Home > Other Places To Visit In Scotland >
Falls of Bruar
Falls of Bruar Photographs of the Falls of Bruar waterfall with history of this Scottish beauty spot and a guide to this Perthshire walk and facilities
The Falls of Bruar waterfall is a Highland beauty spot set in the heart of Perthshire. It is a must for any visitor to Scotland. It was formed during the Ice Age when rushing water wore away layered rocks and harder seams shaped the area.
Follow us on: Instagram
It is set behind the House of Bruar shopping centre car park and is clearly signposted. The two mile path up to the bridge is very steep and arduous and only really suited to those fit enough to climb and sadly not suited for disabled people. There are two marked routes depending on your time and ability. The longer route takes you to this ancient bridge, the second of two which gives great views and photo opportunities. There are several wooden benches and a picnic area as places of rest and contemplation. The postcode for your sat nav is PH18 5TW and it is just off the A9.
Please note that the area can be slippery when wet and there are sheer drops to the gorge so care is needed and children should be supervised. This is a view of the rock pool arch.
There are fine examples of fir, spruce, larch and Scots pine trees along this Glen Garry route and plenty of wildlife and birds darting about the bracken. We saw this beautiful Robin.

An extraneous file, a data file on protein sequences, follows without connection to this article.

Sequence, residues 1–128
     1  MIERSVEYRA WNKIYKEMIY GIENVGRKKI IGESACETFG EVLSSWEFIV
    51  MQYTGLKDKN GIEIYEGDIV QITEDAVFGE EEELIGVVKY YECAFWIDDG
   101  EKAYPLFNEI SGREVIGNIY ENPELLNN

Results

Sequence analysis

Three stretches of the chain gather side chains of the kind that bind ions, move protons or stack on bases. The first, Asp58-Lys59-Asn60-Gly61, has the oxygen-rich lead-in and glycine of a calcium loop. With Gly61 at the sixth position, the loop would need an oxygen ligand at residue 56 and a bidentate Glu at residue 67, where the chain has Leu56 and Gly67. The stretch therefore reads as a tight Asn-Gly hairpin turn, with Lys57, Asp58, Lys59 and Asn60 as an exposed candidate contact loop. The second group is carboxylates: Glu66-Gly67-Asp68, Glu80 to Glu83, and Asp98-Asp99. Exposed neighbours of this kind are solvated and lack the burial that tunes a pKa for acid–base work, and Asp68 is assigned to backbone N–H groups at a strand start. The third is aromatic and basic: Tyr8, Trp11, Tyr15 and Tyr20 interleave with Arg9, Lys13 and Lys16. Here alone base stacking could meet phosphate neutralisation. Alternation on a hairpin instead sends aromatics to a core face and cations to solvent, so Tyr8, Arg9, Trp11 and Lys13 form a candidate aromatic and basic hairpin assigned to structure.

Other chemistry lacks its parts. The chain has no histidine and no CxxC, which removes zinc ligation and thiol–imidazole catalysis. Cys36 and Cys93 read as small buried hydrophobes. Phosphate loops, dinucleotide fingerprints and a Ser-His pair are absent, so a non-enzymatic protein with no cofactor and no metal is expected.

Save 10% off the closest car parking to the terminal at
Aberdeen International Airport
with flexible bookings and no credit card fees for long or short stay. Use discount code ABZPARK10 or follow the link below where it will be automatically applied:
The original trees and bushes were planted by John Murray the 4th Duke of Atholl in 1796. Because of this he was nicknamed Planter John. He did this in memory of Robert Burns
who visited the area in 1787 and described the area as exceedingly picturesque and beautiful but in need of trees. He then wrote the poem The Humble Petition of Bruar Water which beseeched this to the Duke, who duly obliged.
The area was harvested for wood during World War Two and replanting started soon after.
The food hall sells an extensive range of homemade meals, snacks and drinks. There are public toilets in the complex. Other shops include an art gallery and a fishing shop.
We visited the area whilst staying at the Pitlochry Hydro Hotel
and other places to visit include Blair Castle and Diana Grove with Hercules Garden
, Pass of Killiecrankie
, Scottish Crannog Centre
, Loch of Lowes Osprey
, Dunkeld Cathedral
, Beatrix Potter Garden
, Queen's View
, Rannoch Moor Train Station
, The Hermitage
, Atholl Country Life Museum
and Ossian's Hall and Cave
More Scottish Tourist Attractions